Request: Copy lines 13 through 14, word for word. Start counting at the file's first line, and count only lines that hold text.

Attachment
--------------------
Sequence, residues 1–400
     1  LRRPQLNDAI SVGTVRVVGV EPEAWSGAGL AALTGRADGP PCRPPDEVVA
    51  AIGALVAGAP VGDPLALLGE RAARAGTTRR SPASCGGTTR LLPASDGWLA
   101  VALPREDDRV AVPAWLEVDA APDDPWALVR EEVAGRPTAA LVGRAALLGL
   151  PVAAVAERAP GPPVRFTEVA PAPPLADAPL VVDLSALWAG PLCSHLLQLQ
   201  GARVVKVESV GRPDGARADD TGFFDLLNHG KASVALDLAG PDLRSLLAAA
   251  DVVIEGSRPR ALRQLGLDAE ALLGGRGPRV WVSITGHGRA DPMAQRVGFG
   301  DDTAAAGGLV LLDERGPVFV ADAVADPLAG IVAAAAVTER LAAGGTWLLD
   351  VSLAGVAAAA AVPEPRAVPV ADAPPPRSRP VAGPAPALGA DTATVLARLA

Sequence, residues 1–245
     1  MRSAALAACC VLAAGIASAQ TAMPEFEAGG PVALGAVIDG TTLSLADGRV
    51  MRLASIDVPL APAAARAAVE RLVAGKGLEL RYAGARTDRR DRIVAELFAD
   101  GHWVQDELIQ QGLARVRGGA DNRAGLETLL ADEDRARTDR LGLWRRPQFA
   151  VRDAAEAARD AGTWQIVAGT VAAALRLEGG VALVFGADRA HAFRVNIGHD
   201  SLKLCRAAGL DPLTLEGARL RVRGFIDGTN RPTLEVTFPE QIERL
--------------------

   101  GHWVQDELIQ QGLARVRGGA DNRAGLETLL ADEDRARTDR LGLWRRPQFA
   151  VRDAAEAARD AGTWQIVAGT VAAALRLEGG VALVFGADRA HAFRVNIGHD